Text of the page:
By Theresa Zagnoli
Zagnoli McEvoy Foley LLC
Likability , the "magic bullet" characteristic of persuasion, is a common term for those familiar with the psychology of influencing others. You know those guys/girls. They never had to study as hard, run as far or work as late, yet still seemed to be voted in, praised or promoted. The "Golden Child" is a term used to describe all, because they were likeable.
Much has been written on being likeable. There are daily reports on President Barack Obama's "L-Factor," as author Tim Sanders calls it. Robert Cialdini is likely the father of all thoughts on likability. In the spirit of getting on the -onomics bandwagon, Rohit Bhargava, wrote "Likeonomics." Cartoons, sitcoms, dramas and reality shows all dedicate time to the personalities, as well as the prowess, of characters.
My favorite tips on being likeable come from Bob Sommers, known as the "likability guy." His writings are abundant on the Internet. His take on how to be likeable contains the same basic components as other experts. I just appreciate the way he approaches them.
We like people who …
- Like us.
- Are like us.
- Make us feel safe and welcome.
- Elevate our mood.
- We have frequent contact with.
- We collaborate with.
- Show respect (to themselves and others).
- Are beautiful.
- We associate with good feelings.
- Are relevant in our lives.
- We help.
- Can laugh at themselves easily.
So where are you on the likability scale, likeable, unlikable or somewhere in between — which is getting you nowhere? Most of us are likeable to those who know us best, but either show up unlikable or in limbo to the rest.
It is time to bury your pride and become the most likeable person on your block. So what do you have to do? For some, drastic measures will be called for, while others need a little tweaking. You may not like my first recommendation, so sit back; maybe a cocktail would help. Touch people. Yes, I know you recently finished a course on appropriate sensitivity. Nonetheless, touchers are likeable — back slapping, shoulder hugging and hand-shaking charmers.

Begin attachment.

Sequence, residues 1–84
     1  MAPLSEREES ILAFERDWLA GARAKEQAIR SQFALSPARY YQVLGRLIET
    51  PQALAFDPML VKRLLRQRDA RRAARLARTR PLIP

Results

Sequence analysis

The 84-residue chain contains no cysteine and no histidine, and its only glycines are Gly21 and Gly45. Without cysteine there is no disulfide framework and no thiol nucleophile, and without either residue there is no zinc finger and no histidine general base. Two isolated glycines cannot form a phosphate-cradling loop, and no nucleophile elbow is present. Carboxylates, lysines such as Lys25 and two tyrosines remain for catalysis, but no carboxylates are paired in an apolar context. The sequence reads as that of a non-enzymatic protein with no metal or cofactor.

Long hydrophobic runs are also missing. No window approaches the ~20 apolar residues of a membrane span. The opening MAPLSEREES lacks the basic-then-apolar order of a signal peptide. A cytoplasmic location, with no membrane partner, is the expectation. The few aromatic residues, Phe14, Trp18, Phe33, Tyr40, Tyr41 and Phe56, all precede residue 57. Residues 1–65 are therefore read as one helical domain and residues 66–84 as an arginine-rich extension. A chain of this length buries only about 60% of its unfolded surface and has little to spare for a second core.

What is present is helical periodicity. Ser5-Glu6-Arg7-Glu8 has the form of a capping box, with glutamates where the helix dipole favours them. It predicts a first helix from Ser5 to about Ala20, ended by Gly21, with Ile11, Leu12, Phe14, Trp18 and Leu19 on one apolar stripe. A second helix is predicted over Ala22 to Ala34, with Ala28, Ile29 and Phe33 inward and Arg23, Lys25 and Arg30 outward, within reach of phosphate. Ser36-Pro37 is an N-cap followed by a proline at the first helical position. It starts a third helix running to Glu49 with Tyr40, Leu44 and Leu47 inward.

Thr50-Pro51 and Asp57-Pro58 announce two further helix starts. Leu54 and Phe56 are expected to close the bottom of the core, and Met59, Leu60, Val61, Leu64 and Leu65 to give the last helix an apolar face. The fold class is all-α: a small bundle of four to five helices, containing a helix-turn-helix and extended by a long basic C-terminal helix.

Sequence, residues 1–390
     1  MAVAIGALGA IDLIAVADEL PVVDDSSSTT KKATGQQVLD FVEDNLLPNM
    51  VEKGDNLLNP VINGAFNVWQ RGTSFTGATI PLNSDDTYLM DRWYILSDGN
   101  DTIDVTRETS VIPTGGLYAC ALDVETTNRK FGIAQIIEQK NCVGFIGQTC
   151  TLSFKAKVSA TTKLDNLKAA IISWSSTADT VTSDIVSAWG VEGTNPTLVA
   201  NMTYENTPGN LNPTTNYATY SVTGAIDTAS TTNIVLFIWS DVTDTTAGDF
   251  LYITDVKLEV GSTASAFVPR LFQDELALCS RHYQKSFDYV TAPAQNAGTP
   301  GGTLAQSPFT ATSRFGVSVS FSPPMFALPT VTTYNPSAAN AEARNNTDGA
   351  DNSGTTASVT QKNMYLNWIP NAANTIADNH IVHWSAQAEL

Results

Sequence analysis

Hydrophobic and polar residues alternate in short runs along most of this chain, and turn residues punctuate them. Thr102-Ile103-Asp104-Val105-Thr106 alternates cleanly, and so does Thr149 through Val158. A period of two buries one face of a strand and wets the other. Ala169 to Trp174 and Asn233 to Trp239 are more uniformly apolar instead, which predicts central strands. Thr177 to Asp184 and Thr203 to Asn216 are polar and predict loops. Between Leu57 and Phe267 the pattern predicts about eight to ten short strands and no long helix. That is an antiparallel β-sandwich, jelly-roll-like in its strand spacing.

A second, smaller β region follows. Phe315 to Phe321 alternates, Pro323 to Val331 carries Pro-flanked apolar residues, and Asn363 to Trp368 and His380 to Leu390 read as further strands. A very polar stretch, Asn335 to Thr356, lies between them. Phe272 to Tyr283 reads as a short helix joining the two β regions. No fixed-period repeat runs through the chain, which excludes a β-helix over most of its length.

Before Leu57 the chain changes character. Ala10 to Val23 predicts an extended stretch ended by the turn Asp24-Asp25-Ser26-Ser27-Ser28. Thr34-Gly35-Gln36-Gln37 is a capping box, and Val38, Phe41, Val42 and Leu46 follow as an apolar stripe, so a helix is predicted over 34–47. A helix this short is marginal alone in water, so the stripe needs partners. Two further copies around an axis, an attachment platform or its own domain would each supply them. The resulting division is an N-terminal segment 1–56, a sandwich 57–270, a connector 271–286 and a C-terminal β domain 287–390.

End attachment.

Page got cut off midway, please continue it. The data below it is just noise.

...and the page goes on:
It is easier to first focus on what makes you not likeable. Let's rewrite Sommers' list in the opposite, having these attributes can make you either not liked or disliked. When starting a new job, trying to build lasting relationships or just wanting to make your rounds of golf more fun, you need to get on the positive side of these behaviors. If you think being neutral is better than being not liked … it's not.
No. 1. You don't like most people. You think this is a harmless trait. You smile when you need to, are not rude and would never let anyone know you felt this way but we can all smell a fake.
No. 2. You are different. This is a tough one. Men can't be women, city folk can't be farmers and nondrinkers shouldn't drink to break into the crowd. I frequently find lawyers working in an away venue pandering to the jury in an effort to not appear different. They cheer the home sports team, say they went to school somewhere in the state, talk about their time in the nearby branch office. Usually, none of this works to make a person similar enough to the jury or judge to accomplish anything other than to look foolish.
No. 3. Being with you feels unwelcome.
No. 4. You are negative. Being sarcastic is funny, as is adding drama and good storytelling around a bad or sad event. However, constant negativity is draining. Complaining, whining and criticizing are activities others only want to participate in for a short time.
No. 5 and No. 6. You only show occasionally or you show but prefer to be with yourself. Obviously it is challenging to like somebody who is not around, but not impossible. If you show up big when you are in the presence of people you want to like you, you make memories that last.
No. 7. You disrespect yourself or others.
No. 8. You are not beautiful.
No. 9. You don't do anything to make others feel good.
No. 10. You do not make a connection to others' lives.
No. 11. You do not ask for help. If your mother taught you not to rely on others or not to borrow the neighbor's lawn mower, she was just wrong. Sorry Mom, we know you meant well, but being self-reliant causes you to appear stubborn and untrusting. For example, you will find No. 11 in Cialdini's book "The Psychology Influence of Persuasion" under the heading of "Reciprocation." We like the people we do favors for because they trust us to help them.
No. 12. You are self-conscious and don't like to be the butt of the joke. These traits make a person appear defensive. Others are uncomfortable around people who cannot laugh at themselves. It is too exhausting having to deal with such a sensitive ego.
Much of your personal and professional success depends on how likeable you are. So, do yourself a favor and assess where you fit on the "Likability Scale," then work through the above list to improve your "L-Factor."